This may be one of the toughest indicators both to define and quantify. There are probably as many definitions of what true and fair equality between men and women is, as there are people on the planet.
For this indicator, though, again I had to go with what is available. Although maternal mortality rates are a good indication of women’s well-being, especially and obviously, health, I didn’t feel that they represented basic rights as much as possible. So I’ve gone with the number of elected women politicians in national government on the theory that the more actual, real power that women have access to, the more change they will be able to effect for themselves and their communities.
Another aspect of this indicator is very important and must be pointed out. It is pretty well accepted by the international aid community that, in countries where women do not share the same status, power and respect that men receive, the economy and general well-being of the people is not as good as in countries with more equality. (There are exceptions in some of the Arab countries with enormous wealth but I am not convinced that this prosperity will last long-term without fundamental, positive changes in the status of women.)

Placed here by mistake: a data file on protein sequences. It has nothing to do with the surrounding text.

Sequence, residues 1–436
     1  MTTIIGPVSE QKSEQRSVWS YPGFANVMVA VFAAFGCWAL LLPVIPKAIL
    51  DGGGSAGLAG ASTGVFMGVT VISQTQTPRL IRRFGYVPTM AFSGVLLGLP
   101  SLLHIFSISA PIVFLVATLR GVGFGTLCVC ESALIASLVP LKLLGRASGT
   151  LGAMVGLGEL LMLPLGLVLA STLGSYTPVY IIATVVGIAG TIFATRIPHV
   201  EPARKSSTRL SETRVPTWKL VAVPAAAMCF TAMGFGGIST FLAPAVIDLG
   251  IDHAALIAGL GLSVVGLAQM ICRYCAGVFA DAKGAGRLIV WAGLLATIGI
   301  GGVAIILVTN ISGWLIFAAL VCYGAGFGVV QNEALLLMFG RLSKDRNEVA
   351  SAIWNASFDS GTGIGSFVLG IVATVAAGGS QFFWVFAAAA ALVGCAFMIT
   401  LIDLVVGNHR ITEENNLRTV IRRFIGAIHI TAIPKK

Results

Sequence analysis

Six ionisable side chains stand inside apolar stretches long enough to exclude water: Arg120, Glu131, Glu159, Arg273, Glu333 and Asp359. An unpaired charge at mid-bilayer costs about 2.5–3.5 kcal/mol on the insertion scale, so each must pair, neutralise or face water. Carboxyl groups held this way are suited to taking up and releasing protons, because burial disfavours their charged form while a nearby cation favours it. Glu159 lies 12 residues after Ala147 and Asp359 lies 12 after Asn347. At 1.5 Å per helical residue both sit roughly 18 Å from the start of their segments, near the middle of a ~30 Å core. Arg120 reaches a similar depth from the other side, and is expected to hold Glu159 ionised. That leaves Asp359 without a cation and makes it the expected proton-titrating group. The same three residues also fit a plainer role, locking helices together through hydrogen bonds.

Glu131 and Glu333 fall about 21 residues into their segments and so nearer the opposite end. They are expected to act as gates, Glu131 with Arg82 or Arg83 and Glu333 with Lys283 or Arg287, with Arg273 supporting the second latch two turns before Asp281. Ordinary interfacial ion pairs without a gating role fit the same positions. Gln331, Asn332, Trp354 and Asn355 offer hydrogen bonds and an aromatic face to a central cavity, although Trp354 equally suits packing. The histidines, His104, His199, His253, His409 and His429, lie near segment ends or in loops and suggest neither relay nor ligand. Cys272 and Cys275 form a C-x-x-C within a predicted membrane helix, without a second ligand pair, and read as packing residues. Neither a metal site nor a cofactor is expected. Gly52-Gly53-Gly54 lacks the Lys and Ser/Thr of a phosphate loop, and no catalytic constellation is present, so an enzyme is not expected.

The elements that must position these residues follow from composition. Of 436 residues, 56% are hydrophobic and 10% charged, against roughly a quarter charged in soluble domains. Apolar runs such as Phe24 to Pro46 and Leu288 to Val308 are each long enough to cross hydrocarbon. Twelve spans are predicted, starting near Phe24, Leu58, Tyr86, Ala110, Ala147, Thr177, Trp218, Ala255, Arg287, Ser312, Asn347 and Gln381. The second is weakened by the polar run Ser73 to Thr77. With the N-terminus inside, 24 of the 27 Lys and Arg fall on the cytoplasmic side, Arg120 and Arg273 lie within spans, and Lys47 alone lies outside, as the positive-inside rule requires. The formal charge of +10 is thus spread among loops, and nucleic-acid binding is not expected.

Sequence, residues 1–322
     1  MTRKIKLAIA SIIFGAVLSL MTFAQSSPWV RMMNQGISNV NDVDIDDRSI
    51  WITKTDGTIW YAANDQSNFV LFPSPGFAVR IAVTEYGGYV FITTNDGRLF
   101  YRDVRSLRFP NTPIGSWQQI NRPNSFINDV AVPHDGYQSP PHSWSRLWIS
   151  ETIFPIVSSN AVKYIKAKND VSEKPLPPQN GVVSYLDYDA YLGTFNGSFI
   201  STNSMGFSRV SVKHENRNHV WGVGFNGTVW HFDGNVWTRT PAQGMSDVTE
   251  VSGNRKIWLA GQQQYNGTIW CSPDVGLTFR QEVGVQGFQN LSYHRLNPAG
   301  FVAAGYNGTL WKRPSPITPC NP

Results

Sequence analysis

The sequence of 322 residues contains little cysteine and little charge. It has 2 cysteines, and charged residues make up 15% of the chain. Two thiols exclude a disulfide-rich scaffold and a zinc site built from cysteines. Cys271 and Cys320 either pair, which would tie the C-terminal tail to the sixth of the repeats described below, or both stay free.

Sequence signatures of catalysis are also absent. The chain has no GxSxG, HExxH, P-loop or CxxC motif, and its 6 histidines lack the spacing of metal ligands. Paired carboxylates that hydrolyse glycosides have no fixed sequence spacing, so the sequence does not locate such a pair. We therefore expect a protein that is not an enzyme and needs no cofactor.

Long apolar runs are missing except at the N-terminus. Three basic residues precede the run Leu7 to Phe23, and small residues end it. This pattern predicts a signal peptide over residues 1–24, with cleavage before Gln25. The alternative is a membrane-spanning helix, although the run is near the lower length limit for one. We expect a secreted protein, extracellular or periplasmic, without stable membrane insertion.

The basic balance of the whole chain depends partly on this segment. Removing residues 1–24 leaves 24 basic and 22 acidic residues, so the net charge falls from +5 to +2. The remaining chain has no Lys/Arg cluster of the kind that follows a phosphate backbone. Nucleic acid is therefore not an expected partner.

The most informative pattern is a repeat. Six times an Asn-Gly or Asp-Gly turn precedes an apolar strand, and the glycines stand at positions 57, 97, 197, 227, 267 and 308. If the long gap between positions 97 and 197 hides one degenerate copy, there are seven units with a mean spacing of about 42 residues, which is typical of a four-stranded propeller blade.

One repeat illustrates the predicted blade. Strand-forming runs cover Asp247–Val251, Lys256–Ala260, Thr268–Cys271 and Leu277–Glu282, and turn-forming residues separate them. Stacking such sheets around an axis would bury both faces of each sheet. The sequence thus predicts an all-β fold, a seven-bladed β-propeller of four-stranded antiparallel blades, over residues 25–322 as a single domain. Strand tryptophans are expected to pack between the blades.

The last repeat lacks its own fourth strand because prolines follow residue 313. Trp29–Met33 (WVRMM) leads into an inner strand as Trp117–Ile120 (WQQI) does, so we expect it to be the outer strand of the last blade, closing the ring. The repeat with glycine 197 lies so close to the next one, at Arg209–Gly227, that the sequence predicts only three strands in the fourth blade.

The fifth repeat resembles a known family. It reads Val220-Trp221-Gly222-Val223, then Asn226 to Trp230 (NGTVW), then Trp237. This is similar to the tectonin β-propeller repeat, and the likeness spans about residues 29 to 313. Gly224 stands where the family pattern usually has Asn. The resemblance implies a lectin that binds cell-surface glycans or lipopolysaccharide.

One of the major discoveries aid agencies have made in the last few decades is that, if you really want to get a community back on its feet, the straightest path towards that goal is simply to empower the women. Infant mortality, maternal mortality, disease rates, all drop dramatically as soon as women are empowered to change and gain control over their lives. Income and rates of education increase as well. (In addition, there seems to be an associated drop in domestic violence as women gain respect from men.)
So, in order to get the world to 100%, it’s essential that women are a part of that program as well as men.
Thanks for stopping by,
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R Lewis Cordell
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